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A review of 175 major Jewish Republican donors shows that many who gave in the 2008 primary have yet to pony up for a GOP candidate. Why the wait?

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Mitt Romney. (Alex Wong/Getty Images)

Poor Mitt Romney. Even before Newt Gingrich’s stunning upset victory Saturday in South Carolina, it was clear that the presumptive nominee was suffering from an enthusiasm deficit among the rank-and-file voters who have made this year’s primary the most volatile on record. It’s not just average voters who are failing to take to the former Massachusetts governor: Elected party officials have been slower to pick favorites this year than in any primary since 2000.

With the potentially decisive Florida primary less than a week away, that same phenomenon appears to be playing out among Jewish party heavyweights. A Tablet review of campaign-finance records for 175 major Republican Jewish donors shows that, according to the most recent campaign filings, more than 55 percent have yet to give to any primary candidate. Of that 55 percent, nearly two-thirds—64 donors—had already given to a candidate by this time in the 2008 presidential cycle. Among them, more than a dozen have not repeated their support for Romney this year, a group that includes high-profile figures like Richard Fox, a Pennsylvania developer who co-founded the Republican Jewish Coalition; California real-estate mogul Fred Sands; and Ronald Krancer, an heir to the Annenberg fortune who has been a major Republican player in Pennsylvania.

“I like him, but I’m just not sure which Romney’s going to show up, and I think that’s a problem a lot of voters have with him,” said Joel Hoppenstein, an attorney in Miami Beach and Republican Jewish Coalition board member who was among Romney’s earliest donors in January 2007. Hoppenstein said he only recently made what he described as “a very insignificant” donation to the campaign. “Most people are looking for a Reagan figure who can bring social conservatives and fiscal conservatives together, and Mitt Romney is supposed to be that person today—but the public electorate hasn’t embraced him.”

That reality appears to have given some big donors pause. There certainly are major donors who are sitting out the primaries because of other commitments—among them, James Tisch, the CEO of the Loews Corporation and an early Giuliani donor, who is now on the board of the Federal Reserve Bank of New York. But others who gave early and generously in 2008—not just to Republican primary candidates, but to the party—have yet to emerge from the wings. Sheldon Kamins, the Washington developer who chaired Gingrich’s PAC in the late 1990s—and who gave to Romney in the 2008 primaries—declined to comment on his lack of involvement this year because he has relationships with too many of the candidates. When I asked whether that was also why he had so far declined to give, he replied: “That would be a good surmise.”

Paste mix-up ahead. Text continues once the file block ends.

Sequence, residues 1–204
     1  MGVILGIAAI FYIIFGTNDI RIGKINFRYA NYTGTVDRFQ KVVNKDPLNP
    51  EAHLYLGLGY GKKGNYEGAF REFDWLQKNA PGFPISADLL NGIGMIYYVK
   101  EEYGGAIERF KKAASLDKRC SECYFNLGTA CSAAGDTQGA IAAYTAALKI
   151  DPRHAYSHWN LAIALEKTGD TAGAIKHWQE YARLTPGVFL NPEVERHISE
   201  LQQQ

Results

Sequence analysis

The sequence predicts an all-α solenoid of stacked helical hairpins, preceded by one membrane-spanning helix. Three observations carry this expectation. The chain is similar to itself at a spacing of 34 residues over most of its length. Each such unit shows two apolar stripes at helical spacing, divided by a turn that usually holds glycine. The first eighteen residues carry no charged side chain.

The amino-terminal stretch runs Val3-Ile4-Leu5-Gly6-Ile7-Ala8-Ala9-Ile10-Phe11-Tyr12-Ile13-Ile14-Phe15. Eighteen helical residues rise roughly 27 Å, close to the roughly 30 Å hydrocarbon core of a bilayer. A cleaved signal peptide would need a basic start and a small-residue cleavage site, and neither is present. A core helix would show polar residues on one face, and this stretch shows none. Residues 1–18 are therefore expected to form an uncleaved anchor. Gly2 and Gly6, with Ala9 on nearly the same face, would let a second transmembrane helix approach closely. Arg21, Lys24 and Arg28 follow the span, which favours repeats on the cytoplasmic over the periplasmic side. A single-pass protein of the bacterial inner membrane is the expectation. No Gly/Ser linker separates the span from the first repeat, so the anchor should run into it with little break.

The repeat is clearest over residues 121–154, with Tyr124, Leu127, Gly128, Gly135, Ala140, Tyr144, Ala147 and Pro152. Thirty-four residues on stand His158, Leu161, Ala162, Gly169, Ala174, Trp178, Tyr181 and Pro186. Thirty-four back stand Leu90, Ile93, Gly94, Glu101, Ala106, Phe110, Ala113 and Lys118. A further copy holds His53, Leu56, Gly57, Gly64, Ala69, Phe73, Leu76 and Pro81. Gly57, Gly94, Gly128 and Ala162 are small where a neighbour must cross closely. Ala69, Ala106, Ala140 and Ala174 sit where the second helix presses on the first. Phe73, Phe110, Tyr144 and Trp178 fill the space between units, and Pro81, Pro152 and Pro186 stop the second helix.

The difference between this primary campaign and the last is striking. In the 2008 cycle, former New York City Mayor Rudy Giuliani was the early favorite among the Jewish donors reviewed by Tablet. Giuliani won primary support from nearly as many of the donors as Arizona Sen. John McCain and Romney combined—partly because of his hometown status among Republican Jewish donors from New York, New Jersey, and Connecticut, but also because he seemed like a credible candidate from the outset. “There were more clearly viable candidates in 2008 than today,” said Morton Klein, head of the Zionist Organization of America, who has attended fundraising meetings between Republican presidential candidates and potential Jewish donors. “So, people had a choice between people who had a real chance, rather than four or five people who might have a chance.”

In June, Gingrich’s campaign imploded with the mass resignation of his staff, in part because the former speaker had decided to go on vacation in Greece instead of heading to Iowa. It seemed, briefly, that he might not make it into autumn. But as former Minnesota Gov. Tim Pawlenty, Minnesota Rep. Michele Bachmann, and Texas Gov. Rick Perry faded out, Gingrich re-emerged as a popular favorite in the final weeks of 2011. People who might have been ready to plump for Romney before the primary season now had another option.

So far, Gingrich’s main benefactor has been Las Vegas casino magnate Sheldon Adelson, who gave $5 million to the pro-Gingrich super-PAC Winning Our Future earlier this month. (Adelson is also a generous backer of Israeli Prime Minister Benjamin Netanyahu, and, like so many of the Jewish donors we reviewed, was a Giuliani supporter in the 2008 primary.) He has also enjoyed the backing of Lawrence Kadish, a Long Island real-estate investor who was also a founder of the Republican Jewish Coalition.

Gingrich wasted no time canvassing for support once his star began to rise after restaurant mogul Herman Cain dropped out of the race in December. Before Christmas, Gingrich attended a meeting of Jewish leaders in New York and reportedly won backing from another key figure: George Klein, an investor and a Republican Jewish Coalition board member who had been expected to back Romney.